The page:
Two new reports from the Economic and Social Research Institute examine the flow of trade in services between Ireland and Northern Ireland and the factors influencing foreign direct investment in both jurisdictions.
These are the first two reports to be published by the ESRI as part of the Government’s Shared Island Initiative.
It is part of the Programme for Government and aims to “enhance cooperation, connection and mutual understanding on the island”.
The report on trade in services finds they make up a “considerably lower” percentage of cross-border trade compared to goods.
Services make up 26% of total exports from Northern Ireland to Ireland and they make up 16% of trade from south to north.
Goods also make up 82% of exports from Northern Ireland with services accounting for 18%. Ireland’s exports, by contrast, are comprised 48% goods and 52% services reflecting the dominant presence of multinationals in service exports. Their dominance also influences the fact that service exports to Northern Ireland account for slightly less than 1% of service exports from Ireland.
The biggest traded service from north to south is transportation and storage, accounting for 35.3% of service exports. From south to north, the biggest is business services at just over 41%.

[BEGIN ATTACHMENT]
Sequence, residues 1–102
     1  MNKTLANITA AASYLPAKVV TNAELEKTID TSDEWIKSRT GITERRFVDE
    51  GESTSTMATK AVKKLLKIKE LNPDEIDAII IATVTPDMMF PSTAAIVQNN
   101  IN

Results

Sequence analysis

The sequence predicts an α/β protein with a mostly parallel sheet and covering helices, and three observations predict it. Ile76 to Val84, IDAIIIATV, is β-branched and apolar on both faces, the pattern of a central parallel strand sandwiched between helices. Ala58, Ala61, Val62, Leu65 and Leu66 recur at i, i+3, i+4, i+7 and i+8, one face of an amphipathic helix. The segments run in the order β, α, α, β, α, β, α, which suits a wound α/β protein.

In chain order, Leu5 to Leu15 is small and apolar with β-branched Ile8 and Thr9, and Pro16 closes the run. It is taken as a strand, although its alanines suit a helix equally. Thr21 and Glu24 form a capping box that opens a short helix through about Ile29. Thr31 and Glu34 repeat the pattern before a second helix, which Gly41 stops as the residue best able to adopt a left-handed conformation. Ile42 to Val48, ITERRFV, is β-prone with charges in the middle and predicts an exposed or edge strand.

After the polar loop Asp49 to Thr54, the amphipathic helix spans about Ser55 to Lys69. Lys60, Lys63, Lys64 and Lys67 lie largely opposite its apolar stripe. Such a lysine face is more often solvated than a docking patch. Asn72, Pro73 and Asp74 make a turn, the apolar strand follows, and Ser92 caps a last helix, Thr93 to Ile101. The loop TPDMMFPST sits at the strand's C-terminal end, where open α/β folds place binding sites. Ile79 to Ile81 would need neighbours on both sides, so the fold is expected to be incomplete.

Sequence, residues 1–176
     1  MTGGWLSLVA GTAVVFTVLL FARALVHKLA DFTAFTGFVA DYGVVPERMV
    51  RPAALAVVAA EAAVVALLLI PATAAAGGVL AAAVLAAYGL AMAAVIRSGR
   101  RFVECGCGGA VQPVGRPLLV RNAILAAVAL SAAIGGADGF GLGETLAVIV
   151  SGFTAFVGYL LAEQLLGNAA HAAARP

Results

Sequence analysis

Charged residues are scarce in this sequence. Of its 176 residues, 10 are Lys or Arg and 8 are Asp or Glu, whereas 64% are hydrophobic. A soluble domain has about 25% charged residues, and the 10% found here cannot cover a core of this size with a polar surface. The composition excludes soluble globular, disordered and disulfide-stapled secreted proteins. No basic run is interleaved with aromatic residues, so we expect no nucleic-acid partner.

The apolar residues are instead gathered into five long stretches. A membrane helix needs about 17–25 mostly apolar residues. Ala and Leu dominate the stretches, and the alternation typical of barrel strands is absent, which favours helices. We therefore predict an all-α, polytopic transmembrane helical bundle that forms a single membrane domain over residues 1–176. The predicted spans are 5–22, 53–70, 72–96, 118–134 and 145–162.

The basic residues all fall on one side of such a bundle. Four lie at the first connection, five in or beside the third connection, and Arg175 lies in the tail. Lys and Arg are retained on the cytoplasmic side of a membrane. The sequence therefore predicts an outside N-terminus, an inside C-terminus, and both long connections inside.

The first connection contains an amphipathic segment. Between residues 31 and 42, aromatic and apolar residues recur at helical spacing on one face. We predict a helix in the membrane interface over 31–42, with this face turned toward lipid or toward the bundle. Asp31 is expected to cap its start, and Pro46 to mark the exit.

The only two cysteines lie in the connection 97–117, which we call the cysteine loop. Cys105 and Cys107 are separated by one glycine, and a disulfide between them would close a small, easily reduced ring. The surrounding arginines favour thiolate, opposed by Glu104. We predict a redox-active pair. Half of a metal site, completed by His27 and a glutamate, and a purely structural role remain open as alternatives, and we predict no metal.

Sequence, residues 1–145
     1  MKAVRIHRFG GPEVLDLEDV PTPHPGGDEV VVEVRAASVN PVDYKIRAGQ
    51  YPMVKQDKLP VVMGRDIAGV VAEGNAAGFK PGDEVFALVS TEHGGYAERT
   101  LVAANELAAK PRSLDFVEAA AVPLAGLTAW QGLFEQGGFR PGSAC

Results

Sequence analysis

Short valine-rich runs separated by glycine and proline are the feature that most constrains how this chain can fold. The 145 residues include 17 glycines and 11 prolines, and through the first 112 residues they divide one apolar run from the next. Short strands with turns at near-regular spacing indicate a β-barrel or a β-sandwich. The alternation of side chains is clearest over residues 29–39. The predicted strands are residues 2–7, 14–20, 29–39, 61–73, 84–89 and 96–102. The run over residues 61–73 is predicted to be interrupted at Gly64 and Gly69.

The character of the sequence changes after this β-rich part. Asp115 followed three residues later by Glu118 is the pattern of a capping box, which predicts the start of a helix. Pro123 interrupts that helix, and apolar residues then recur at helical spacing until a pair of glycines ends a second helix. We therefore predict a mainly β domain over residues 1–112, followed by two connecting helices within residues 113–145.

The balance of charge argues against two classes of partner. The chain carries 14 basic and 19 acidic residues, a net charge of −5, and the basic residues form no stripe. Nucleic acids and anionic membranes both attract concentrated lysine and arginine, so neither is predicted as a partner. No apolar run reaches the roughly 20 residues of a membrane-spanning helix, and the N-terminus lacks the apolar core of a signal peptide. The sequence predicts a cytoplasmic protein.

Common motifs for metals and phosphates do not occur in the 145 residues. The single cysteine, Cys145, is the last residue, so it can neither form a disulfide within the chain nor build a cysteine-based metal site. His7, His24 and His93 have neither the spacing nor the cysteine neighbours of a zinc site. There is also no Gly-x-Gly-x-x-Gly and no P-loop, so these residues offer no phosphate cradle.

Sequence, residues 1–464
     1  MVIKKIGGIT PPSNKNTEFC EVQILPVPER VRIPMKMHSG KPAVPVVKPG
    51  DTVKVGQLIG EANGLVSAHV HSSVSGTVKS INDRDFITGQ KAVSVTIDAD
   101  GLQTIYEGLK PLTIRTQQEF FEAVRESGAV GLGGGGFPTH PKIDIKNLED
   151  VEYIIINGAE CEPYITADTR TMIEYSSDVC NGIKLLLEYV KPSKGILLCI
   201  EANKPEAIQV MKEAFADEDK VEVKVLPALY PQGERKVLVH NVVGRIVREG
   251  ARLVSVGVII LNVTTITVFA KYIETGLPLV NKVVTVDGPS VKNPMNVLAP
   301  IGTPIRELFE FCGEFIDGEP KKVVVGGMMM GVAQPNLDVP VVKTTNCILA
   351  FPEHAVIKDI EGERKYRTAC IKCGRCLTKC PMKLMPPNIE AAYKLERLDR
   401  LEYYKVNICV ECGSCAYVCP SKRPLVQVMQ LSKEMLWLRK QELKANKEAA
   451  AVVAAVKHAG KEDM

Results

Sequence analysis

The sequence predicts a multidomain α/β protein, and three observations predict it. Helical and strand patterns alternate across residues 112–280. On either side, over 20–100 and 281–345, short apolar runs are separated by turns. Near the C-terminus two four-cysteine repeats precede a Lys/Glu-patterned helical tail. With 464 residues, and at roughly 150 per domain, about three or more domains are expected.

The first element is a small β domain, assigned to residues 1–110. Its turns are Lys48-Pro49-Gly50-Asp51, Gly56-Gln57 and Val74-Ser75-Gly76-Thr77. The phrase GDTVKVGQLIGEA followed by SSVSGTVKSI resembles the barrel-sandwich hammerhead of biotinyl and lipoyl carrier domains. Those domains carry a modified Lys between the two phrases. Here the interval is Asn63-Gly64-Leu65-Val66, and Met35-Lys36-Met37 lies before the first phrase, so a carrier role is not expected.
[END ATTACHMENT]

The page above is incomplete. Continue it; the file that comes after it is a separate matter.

The report notes that, over time “…cross-border trade in both goods and services shows a relatively flat profile with fairly modest growth rates”.
A second report highlights how both Northern Ireland and Ireland have seen a higher percentage of high value foreign direct investment (FDI) projects compared to other locations in the UK and the EU.
This report notes that from 2003-2020, 76% of the greenfield FDI projects locating in Ireland and 70% in Northern Ireland were considered “high value” compared to 67% in Great Britain and 51% in the EU26.
The jobs created by the projects, overwhelmingly in services, also provided a higher percentage of “high value” jobs compared to FDI projects in Great Britain and the EU26.
Using a measure called “FDI intensity” which takes the accumulated number of FDI projects in high-value sectors set against the population, the study finds that out of 98 locations across the EU and UK, Ireland ranks fourth while Northern Ireland ranks seventeenth.
The report also notes that based on 2020 data, Ireland ranks highest for “EU market potential”, labour skills and corporation tax while Northern Ireland fared comparatively better on labour costs and broadband access.
The report suggests that if the global 15% minimum corporation tax rate were introduced it could increase the number of FDI projects going to Northern Ireland by 7.5% per annum and reduce the number locating in Ireland by 4.4%.
In a statement welcoming the report, Tánaiste and Minister for Enterprise, Trade and Employment Leo Varadkar TD said: “…The research shows that there is much more scope to ‘think all-island’ when it comes to the services economy and attracting foreign direct investment, accruing economic and societal benefits both North and South.”